The Ontario health care system can resume non-urgent and non-emergent surgeries and procedures effective Wednesday due to decreasing COVID-19 case and hospital numbers, the province’s chief medical officer of health says.
Dr. David Williams issued the stoppage on April 20 due to increasing COVID case counts, hospitalizations and ICU admissions as the province grappled with the third wave of the virus.
“This was done in an effort to ensure that our health resources could be focused where they were most urgently needed,” Williams said in a release Wednesday. “Such measures are never taken lightly, and we recognize the impact they have had on patients waiting for their scheduled surgeries and procedures, and on health care providers across the province.”
On Wednesday, Ontario reported 1,588 new coronavirus cases, marking the second day in a row cases fell below 2,000. The seven-day average has also been trending downwards sitting at 2,183, down for a week ago where it was 2,826.
As of Wednesday, there are 1,401 people hospitalized with COVID-19, with 735 patients in intensive care and 539 patients in the ICU on a ventilator.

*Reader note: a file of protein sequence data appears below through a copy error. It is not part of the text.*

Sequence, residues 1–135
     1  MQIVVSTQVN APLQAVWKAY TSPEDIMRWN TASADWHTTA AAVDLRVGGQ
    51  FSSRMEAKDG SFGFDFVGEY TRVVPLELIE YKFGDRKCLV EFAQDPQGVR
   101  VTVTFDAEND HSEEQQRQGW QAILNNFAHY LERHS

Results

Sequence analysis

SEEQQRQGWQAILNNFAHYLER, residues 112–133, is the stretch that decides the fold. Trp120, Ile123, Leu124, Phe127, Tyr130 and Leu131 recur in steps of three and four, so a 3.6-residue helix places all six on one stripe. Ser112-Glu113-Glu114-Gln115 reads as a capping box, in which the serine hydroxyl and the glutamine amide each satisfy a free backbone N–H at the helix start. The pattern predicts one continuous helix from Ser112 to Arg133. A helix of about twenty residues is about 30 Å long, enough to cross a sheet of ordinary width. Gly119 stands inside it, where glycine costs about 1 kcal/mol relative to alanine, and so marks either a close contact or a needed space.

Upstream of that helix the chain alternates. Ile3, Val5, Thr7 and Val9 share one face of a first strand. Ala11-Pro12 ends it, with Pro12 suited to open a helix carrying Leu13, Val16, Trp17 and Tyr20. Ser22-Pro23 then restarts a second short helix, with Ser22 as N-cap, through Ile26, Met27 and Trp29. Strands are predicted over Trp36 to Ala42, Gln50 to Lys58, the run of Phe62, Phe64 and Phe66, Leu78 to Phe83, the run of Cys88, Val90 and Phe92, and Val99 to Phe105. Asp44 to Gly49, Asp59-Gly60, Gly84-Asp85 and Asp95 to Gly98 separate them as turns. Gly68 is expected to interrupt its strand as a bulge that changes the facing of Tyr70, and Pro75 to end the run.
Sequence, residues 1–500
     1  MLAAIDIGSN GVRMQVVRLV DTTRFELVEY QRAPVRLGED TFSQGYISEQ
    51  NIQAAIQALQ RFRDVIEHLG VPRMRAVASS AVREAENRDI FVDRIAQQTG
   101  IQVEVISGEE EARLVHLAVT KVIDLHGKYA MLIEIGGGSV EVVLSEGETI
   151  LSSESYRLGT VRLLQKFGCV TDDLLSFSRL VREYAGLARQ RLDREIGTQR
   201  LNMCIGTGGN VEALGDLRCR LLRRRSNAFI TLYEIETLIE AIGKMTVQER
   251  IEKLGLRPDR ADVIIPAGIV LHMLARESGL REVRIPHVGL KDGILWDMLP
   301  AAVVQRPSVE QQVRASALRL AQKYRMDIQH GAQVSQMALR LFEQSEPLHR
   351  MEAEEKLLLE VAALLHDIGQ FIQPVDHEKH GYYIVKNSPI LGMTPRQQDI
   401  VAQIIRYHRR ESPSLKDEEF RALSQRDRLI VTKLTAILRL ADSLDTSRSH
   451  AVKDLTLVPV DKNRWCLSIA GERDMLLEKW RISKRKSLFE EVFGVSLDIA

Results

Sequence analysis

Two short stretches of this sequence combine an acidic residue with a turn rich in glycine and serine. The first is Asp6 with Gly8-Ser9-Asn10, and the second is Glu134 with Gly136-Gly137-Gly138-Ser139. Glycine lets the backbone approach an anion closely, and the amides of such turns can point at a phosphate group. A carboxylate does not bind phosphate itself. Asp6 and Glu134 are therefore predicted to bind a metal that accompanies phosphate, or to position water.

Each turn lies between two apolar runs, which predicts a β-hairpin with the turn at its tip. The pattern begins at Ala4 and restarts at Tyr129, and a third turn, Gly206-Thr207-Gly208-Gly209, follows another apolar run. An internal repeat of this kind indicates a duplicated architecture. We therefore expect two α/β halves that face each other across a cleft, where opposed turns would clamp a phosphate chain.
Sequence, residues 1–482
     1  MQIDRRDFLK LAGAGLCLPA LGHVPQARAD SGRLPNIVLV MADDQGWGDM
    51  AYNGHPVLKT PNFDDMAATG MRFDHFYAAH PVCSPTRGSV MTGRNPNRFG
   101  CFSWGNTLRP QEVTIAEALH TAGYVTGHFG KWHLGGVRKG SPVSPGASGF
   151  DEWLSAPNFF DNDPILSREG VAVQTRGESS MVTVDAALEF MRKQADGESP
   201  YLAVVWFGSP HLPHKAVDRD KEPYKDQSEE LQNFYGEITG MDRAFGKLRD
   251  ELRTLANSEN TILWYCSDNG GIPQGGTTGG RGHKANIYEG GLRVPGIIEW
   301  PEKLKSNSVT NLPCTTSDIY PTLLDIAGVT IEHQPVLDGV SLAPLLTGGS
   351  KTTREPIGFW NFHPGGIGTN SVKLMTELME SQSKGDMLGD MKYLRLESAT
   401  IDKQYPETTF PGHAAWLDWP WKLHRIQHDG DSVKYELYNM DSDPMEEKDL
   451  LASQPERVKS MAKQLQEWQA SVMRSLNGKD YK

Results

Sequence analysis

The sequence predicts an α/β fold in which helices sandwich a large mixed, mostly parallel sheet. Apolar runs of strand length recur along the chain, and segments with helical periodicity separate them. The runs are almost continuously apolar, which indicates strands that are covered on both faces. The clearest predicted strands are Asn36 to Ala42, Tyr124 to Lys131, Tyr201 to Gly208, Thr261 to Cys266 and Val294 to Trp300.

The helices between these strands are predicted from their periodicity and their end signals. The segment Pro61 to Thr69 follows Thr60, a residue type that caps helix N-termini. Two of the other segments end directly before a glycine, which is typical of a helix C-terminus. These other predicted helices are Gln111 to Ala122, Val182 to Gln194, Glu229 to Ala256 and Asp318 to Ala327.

Williams said that while numbers in the health-care system still remain relatively high, the province has seen more capacity become available among “community and hospital partners.”
“It is therefore important to make use of this available capacity to limit the long-term impacts on patients awaiting non-urgent care.”
However, a spokeswoman for Health Minister Christine Elliott said the resumption of non-urgent procedures won’t be uniform across the province since it’s dependent on a hospital’s capacity.
On May 10, Ontario’s fiscal watchdog said surgical backlog in the province would take more than three and a half years to clear.
The Financial Accountability Office (FAO) projected the backlog of cancelled surgeries will reach 419,200 procedures by the end of September.
The office also estimated it would cost the province $1.3 billion to clear the backlog. Ontario announced $610 million in its latest budget to go towards the issue.
—With files from Gabby Rodrigues and The Canadian PressView link »